Shares of Clovis Oncology (CLVS) are trading higher on Friday after the company reported financial results from the fourth quarter of 2013 and discussed the development of its pipeline after Thursday’s closing bell. Investors were clearly more impressed with the advancement of Clovis’s drug candidates than they were worried about widening losses as the company still has a stack of cash and equivalents to work towards New Drug Applications.
For the quarter ended December 31, the Boulder, Colorado-based biotech reported a net loss of $29.2 million, or 92 cents per share, compared to a net loss of $21.1 million, or 81 cents per share, in the year prior quarter. For all of 2013, the net loss was $84.5 million, or $2.95 per share, versus $74.0 million, or $2.97 per share, for the year earlier.
Clovis has yet to generate any revenue.
Expenses in general grew last year as the company spent more on developing lung cancer drug CO-1686, rucaparib for ovarian cancer and lucitanib for breast cancer. Research and development costs expanded from $18.3 million in fourth quarter of 2012 to $22.5 million last quarter and from $58.9 million to $66.5 million for the comparative years.
At the end of 2013, Clovis had $323.2 million in cash and cash equivalents, with an expected burn rate of $120 million for 2014.
The company is developing PARP inhibitor rucaparib for the treatment of platinum-sensitive, ovarian cancer patients with specific mutations for which other cancer drugs have failed. Rucaparib is currently being evaluated in a phase 2 trial (ARIEL2) and phase 3 trial (ARIEL3), with plans to initiate a phase 2 study of the drug in pancreatic cancer patients within the next four months.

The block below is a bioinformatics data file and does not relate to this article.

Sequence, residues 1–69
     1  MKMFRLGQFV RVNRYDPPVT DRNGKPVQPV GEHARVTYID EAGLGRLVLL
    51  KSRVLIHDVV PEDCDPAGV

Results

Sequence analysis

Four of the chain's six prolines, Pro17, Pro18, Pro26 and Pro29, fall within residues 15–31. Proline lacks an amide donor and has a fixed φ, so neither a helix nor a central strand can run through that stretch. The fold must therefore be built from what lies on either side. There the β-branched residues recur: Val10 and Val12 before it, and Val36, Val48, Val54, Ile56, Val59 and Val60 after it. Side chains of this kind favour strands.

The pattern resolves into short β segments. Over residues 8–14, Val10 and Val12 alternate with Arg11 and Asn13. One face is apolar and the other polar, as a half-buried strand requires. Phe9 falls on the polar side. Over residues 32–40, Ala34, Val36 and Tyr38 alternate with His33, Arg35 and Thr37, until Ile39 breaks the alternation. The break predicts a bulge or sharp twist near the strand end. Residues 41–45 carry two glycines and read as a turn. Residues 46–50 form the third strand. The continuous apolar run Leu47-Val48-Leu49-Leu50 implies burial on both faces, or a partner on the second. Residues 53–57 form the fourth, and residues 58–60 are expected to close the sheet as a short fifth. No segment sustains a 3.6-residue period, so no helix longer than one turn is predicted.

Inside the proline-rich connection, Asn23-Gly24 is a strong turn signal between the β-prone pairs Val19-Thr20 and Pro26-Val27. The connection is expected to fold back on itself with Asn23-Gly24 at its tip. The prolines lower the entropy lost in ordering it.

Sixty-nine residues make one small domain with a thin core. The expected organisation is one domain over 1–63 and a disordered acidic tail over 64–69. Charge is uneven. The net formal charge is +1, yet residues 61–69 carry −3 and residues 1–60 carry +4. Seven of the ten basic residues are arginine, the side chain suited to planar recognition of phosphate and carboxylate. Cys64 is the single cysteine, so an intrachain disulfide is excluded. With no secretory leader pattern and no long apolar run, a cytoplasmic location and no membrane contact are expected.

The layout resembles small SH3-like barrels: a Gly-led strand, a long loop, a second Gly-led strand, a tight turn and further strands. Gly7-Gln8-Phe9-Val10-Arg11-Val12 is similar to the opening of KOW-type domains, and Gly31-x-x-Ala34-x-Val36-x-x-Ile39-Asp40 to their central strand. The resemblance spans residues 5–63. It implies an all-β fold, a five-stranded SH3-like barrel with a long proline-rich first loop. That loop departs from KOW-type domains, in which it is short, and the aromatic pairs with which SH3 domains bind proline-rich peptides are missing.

Lucitanib, an oral drug acting through several growth factor receptor pathways, is in a phase 2 targeting breast cancer patients with FGF aberrant genes. Clovis agreed to a $420 million deal to acquire Italy-based Ethical Oncology Science to gain control of lucitanib in November. French drug maker Servier has its hands on lucitanib as well, licensing rights to the drug outside of the U.S., Japan and China from Ethical Oncology in 2012. On that point, if all the milestones are met in the Ethical/Servier pact, Servier will be required to pay Clovis up to $470 million.
Any excitement from those two drugs aside, investors are also jazzed up over CO-1686, a novel oral inhibitor of the epidermal growth factor receptor (EGFR) in development for non-small cell lung cancer. Early trials have shown the drug shrink tumors more than 10 percent in the vast majority of patients, including those with the T790M resistance mutation that presents a great challenge in NSCLC patients.
Moreover, there hasn’t been any evidence of tyrosine kinase inhibitor-related rash or diarrhea that is commonly seen as a side effect of these types of therapies. The company said that any dose-limiting toxicity because of hyperglycemia is easily managed. The lack of severe side effects and the fact that CO-1686 is the only EGFR-focused therapy to not damage wild-type EGFR – whether approved or in the clinic – could give the novel drug candidate an upper hand in the long run.
Amongst other things, Clovis is currently enrolling two phase 2 expansion cohorts in its phase 1/2 trial of CO-1686 in EGFR mutant patients with the T790M mutation that have progressed after one TKI therapy. The company expects to initiate three registration studies in its TIGER program in the first half of 2014.
Amid a dose of updates, Clovis president and CEO Patrick J. Mahaffy summed things up simply in one sentence: “This has been a period of rapid progress for our company that we hope will lead to our first New Drug Application (NDA) submission in 2015.”
Investors generally cheer hearing the acronym “NDA” for a novel drug in a massive market from a company with no FDA-approved drugs to date. A net loss will almost always take the back seat and this was the case today with shares of CLVS rising more than 10 percent to hit a record intraday high of $88.99.
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